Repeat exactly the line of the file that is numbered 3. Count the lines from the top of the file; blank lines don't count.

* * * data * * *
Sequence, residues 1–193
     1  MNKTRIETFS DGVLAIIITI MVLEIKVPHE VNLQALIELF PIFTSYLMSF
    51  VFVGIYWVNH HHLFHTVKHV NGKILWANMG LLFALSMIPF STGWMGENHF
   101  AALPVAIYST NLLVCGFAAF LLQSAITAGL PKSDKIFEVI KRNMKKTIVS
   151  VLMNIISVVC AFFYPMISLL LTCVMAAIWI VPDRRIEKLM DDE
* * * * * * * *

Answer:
    51  VFVGIYWVNH HHLFHTVKHV NGKILWANMG LLFALSMIPF STGWMGENHF